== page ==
Dina Knight will never forget the day she found her 22-year-old son, Peter, in his bedroom after overdosing on heroin.
"I open the door and my son's laying there, blood's coming out of his mouth, his buddy is doing CPR on him, I'm breathing for my son but as soon as I touch his lips, his lips are cold. I know he's dead," said Knight.
Peter was a U.S. Marine who died in February 2011 after his mother said he used heroin for just the second time.
"He had his whole life ahead of him. It wasn't supposed to be that way," said Knight.
After his death, Knight got the same tattoo as her son on her right arm as a way to honor his memory and educate others.
"I had a man in the Air Force the other day say, 'Nice tattoo,' and I said, 'Well, thank you it was my son's and he passed away' and if they ask then I'll tell them, I usually tell them, a heroin overdose and the conversation gets started," said Knight.
But Knight is now worried she could use another child to the same drug.
"To watch her die slowly every day and know she could end up the same way it's sickening. It's torture. It's awful," said Knight.
Knight said Peter's death devastated his younger sister, Christina, and ironically she turned to heroin, the same drug that killed her brother to numb her pain.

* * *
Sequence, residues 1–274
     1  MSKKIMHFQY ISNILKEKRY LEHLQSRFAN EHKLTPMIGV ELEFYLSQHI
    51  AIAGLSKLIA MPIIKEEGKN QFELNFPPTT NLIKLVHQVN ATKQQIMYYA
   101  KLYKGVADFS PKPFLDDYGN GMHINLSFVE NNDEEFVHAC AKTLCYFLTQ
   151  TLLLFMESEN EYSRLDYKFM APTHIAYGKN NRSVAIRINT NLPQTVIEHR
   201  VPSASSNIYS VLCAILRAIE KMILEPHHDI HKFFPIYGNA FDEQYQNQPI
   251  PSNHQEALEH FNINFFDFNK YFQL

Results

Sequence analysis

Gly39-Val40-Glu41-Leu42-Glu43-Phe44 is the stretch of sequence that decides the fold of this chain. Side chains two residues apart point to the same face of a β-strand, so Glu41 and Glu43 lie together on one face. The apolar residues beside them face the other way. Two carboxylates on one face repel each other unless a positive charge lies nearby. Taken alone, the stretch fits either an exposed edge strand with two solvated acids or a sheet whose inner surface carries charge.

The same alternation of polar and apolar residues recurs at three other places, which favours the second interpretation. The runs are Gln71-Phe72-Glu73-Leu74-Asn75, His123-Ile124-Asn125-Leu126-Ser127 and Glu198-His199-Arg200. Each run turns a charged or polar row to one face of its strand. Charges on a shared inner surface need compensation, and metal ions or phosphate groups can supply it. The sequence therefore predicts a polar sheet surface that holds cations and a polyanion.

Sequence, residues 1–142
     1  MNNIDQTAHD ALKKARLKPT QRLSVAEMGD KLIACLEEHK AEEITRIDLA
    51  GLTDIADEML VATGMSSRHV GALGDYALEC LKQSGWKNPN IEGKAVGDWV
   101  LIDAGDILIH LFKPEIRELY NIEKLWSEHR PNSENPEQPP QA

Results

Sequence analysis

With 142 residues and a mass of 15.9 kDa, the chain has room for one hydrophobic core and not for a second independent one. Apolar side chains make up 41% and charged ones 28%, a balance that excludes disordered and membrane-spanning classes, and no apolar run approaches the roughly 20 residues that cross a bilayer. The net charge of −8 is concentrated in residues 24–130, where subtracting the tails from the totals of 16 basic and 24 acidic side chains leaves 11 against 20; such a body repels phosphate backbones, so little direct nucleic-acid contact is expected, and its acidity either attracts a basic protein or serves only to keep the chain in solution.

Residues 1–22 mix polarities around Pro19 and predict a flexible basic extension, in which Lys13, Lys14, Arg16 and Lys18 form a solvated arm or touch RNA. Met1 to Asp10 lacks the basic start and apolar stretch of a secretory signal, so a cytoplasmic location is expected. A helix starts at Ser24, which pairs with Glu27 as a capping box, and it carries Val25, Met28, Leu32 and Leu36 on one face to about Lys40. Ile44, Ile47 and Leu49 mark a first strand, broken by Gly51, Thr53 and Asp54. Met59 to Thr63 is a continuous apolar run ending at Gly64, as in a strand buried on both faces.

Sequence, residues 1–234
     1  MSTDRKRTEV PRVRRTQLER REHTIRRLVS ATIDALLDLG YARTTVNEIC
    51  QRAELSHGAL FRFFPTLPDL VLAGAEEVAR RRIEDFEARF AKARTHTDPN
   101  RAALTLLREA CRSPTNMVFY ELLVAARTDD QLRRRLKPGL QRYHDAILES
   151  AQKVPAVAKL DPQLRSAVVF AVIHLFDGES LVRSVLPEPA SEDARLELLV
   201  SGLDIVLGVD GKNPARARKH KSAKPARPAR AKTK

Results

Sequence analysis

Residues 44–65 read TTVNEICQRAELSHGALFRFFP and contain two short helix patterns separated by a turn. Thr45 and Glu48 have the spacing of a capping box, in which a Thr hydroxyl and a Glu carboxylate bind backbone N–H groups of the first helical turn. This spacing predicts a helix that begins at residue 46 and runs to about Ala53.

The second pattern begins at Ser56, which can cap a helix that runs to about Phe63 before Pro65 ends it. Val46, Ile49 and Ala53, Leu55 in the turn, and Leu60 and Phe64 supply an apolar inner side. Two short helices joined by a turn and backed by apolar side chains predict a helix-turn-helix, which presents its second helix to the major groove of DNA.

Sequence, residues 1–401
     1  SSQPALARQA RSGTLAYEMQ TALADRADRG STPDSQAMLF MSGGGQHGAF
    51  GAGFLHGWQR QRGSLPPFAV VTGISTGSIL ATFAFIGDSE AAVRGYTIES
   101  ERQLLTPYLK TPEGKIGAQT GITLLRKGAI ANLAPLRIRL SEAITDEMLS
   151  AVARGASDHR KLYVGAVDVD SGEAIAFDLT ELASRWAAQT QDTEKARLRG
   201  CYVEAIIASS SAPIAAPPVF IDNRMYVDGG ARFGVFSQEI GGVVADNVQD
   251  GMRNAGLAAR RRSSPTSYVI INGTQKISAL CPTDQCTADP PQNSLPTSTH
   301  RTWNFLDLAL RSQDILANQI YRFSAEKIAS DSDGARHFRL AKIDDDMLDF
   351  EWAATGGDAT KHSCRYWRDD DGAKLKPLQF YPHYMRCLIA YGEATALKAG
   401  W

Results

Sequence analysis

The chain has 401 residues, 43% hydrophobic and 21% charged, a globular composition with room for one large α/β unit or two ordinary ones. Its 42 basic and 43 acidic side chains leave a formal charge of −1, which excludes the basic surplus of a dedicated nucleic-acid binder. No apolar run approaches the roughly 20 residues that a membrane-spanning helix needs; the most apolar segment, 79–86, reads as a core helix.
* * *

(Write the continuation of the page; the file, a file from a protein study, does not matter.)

"She won't stop. She says she can't. It's too strong. It's too... it's her now. She's sick. It's a disease. It's an addiction that changes your mind. It changes everything about you," said Knight.
After failed attempts at rehab, police arrested Christina this week for drug possession.
Knight said she feels safer with her daughter behind bars.
"My biggest fear is I don't like to answer the phone because I'm afraid or standing at her door just praying and begging please don't let it be this time," said Knight.
Knight hopes her daughter's arrest will be a wakeup call and start of her daughter's road to recovery.
Copyright 2012 Scripps Media, Inc. All rights reserved. This material may not be published, broadcast, rewritten, or redistributed.
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